The Catnip herb attracts the good animals into the garden and keeps the pests away! Irresistible to cats and bees, it is a spreading, carefree joy in the bed or herb garden, blooming all summer with fragrant flowers and foliage.
Useful gardening information
Start Catnip seeds indoors near a sunny window 6 weeks before transplanting to the garden after danger of last frost. Or, if your area has a longer growing season, sow the Catnip herb seeds directly in the garden in full sun when frost danger is over and ground is warm. Make shallow furrows and cover the herb seeds 1/8 inch with loose soil. Thin or transplant the Catnip seedlings to 12 inches apart when they are 2 inches tall. Keep plants full by pinching the growing stems and flower buds when they appear. Harvest leaves by cutting the stems anytime during the growing season. The foliage keeps its scent best when air dried.
Links to useful information on the web:
Catnip uses and benefits
How to make you own Catnip Toy for cats
HR123 Catnip ( Nepeta cataria )
A very easy to grow plant for pots, baskets and gardens.
Catnip is a perennial herb from the mint family. It has a square, hairy stalk with typically gray green colored heart shaped leaves that have scalloped edges. Flowers grow in spikes, reaching 1/2 inch in length.
It is best known for its ability to get cats high.
Native to Europe and Asia, catnip became naturalised in North America and Canada after being introduced by the colonists in the 1600s. The name Nepeta is believed to have come from the town of Nepete in Italy, and Cataria is thought to have come from the Latin word for cat.
The active ingredient that causes a high in cats is an essential oil called nepetalactone, which can be found in the leaves and stems of the plant.
Because cats affected by catnip roll on the floor, which mimics a female in estrus, it has been suggested that the plant acts as an aphrodisiac, but this is unlikely, as males react the same way as females. What is probable is the cat is reacting to similar feel good pheromones released during sexual courtship/activity. However, non sexual behaviour including playing, chasing, and hunting can also be observed.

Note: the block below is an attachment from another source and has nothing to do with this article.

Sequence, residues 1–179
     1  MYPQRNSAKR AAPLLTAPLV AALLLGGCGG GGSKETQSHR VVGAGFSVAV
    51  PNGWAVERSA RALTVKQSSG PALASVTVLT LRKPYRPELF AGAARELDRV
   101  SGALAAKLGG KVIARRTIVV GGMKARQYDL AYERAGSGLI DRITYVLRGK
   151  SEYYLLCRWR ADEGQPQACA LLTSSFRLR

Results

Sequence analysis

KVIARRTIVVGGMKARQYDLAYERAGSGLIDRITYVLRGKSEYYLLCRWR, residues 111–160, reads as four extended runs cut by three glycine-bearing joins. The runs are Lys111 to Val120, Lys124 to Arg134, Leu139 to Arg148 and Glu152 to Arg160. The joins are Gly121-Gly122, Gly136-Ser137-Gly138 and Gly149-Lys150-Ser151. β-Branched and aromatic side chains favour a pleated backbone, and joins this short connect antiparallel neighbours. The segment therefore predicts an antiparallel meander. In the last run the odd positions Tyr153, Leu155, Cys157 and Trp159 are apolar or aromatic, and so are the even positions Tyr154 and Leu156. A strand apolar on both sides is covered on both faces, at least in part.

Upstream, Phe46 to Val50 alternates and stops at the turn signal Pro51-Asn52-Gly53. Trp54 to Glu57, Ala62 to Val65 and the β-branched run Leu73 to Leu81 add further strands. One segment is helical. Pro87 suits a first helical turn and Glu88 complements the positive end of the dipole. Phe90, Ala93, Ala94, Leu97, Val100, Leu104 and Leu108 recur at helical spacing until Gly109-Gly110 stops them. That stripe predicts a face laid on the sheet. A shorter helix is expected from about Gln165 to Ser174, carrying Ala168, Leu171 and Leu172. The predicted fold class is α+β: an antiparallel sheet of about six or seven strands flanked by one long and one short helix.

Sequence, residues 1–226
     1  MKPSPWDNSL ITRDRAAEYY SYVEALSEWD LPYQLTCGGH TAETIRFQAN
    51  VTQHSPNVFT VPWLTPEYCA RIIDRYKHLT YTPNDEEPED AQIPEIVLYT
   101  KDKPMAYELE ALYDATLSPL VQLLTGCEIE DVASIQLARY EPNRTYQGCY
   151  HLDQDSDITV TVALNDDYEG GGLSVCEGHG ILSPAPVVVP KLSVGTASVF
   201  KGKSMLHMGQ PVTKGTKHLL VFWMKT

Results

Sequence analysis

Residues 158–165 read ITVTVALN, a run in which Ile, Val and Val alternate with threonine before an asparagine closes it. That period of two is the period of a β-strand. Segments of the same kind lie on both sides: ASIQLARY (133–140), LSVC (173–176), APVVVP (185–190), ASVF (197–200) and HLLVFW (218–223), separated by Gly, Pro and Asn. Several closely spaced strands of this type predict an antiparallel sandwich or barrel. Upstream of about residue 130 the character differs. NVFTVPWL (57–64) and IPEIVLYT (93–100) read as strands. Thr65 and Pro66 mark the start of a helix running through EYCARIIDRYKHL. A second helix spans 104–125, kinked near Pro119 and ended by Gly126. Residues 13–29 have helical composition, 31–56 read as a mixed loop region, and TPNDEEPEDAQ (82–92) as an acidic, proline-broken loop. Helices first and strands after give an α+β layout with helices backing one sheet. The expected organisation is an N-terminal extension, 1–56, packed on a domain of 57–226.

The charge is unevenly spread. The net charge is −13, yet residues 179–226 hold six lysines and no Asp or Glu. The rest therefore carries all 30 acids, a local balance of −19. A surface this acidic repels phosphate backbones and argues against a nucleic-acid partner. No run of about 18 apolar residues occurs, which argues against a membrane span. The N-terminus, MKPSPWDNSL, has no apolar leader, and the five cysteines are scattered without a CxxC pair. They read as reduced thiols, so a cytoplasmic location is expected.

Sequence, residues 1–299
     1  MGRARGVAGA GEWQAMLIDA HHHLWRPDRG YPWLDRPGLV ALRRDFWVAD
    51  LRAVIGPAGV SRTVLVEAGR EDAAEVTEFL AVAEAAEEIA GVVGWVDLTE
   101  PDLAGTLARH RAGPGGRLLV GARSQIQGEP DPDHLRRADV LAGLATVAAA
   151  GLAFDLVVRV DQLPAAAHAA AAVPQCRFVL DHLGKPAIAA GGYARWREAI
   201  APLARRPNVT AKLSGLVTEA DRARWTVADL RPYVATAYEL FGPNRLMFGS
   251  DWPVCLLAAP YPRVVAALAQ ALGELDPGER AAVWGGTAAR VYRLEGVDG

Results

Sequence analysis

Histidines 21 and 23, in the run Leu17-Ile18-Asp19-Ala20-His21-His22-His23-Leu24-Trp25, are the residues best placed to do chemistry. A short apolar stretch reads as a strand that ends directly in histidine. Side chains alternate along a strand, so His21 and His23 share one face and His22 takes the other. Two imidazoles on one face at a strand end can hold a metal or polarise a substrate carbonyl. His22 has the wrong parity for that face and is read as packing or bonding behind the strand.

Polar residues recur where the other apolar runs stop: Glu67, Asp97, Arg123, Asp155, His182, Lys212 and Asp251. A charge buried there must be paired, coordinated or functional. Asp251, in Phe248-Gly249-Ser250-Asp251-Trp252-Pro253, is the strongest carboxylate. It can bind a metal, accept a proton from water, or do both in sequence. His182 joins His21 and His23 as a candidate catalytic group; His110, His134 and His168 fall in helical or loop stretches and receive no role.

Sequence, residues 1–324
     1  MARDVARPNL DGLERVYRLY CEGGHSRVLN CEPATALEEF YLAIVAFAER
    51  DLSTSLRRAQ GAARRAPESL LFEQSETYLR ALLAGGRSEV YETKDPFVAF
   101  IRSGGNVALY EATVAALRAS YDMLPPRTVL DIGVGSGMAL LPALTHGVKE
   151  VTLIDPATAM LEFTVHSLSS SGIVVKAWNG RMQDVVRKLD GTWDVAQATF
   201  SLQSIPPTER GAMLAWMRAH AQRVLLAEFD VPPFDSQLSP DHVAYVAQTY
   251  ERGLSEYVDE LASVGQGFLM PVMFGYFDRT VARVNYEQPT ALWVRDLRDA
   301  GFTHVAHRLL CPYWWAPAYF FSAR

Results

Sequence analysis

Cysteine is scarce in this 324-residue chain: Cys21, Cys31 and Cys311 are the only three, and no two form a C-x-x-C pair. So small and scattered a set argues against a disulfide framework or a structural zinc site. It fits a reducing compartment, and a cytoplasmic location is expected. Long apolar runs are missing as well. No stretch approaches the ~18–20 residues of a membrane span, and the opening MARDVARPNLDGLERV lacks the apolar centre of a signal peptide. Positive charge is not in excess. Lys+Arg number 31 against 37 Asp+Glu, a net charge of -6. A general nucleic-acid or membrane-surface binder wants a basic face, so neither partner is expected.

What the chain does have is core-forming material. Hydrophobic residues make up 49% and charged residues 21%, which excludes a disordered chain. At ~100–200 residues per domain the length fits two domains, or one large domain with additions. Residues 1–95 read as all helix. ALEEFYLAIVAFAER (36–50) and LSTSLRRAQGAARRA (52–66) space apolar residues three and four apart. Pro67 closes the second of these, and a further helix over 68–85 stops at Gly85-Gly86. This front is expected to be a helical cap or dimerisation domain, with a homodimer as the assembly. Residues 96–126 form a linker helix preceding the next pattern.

Around 50 to 66% of cats are affected by catnip, and to differing degrees. Kittens younger than eight weeks old aren't able to enjoy its effect; in fact, they show an aversion to it. The response to catnip is mediated through the olfactory system. When nepetalactone enters the cat's nasal passages, it binds to olfactory receptors located at the olfactory epithelium. This stimulates sensory neurons, which trigger neurons in the olfactory bulb to send signals to the brain. The response to catnip is inherited as an autosomal dominant gene, which means the gene only needs to be passed on from one parent.
It's not just domesticated cats who enjoy the effects of catnip; many other wild species of cats also enjoy it. Cats can smell 1 part per billion in the air. Males and females, fertile or desexed there appears to be no one group more readily affected by catnip than another.
A typical response includes sniffing, chewing, licking, head shaking, and chin, cheek, and body rubbing (in that order). Additional responses may include stretching, drooling, jumping, licking, aggression, and hyperactivity. Sniffing that produces the high; it is believed that cats eat catnip to bruise the catnip, thereby releasing more of the nepetalactone. The high produced will usually last between five and ten minutes, followed by a one hour refractory period.
Interestingly, researchers say that nepetalactone is about ten times more effective at repelling mosquitoes than DEET, which is the active ingredient in most insect repellents. It was also discovered that catnip repels cockroaches! Plants aren't alone in containing nepetalactone; some insects and ants also contain it. It's been speculated that this protects them from other insects.
Rats and mice are also believed to have a strong dislike of catnip and will avoid places where it grows.
Is catnip harmful to cats? Catnip is not harmful to your cat. They won't overdose on it. Most cats know when they've had enough and will refuse any further offers.
A perennial best suited for zones 4-9.
3481 Lemon Catnip ( Nepeta cataria citriodora )
Lemon Catnip is a subspecies of the common catnip, the attraction to cats is the same. The difference lies, not only in the lemon scent but also the appearance. The plants are a bit smaller than common catnip and the foliage is a soft green rather than gray green. Tastes great in teas and has the same mild sedative effect. Blue blooms in summer attract honeybees.
Growing Lemon Catnip is a wonderful way to bring a lemony scent to your landscape or garden, and it's a reliable plant giving years of pleasure. Start these flower seeds indoors in late winter for transplanting out after frosts have passed.
A perennial best suited for zones 4-9.
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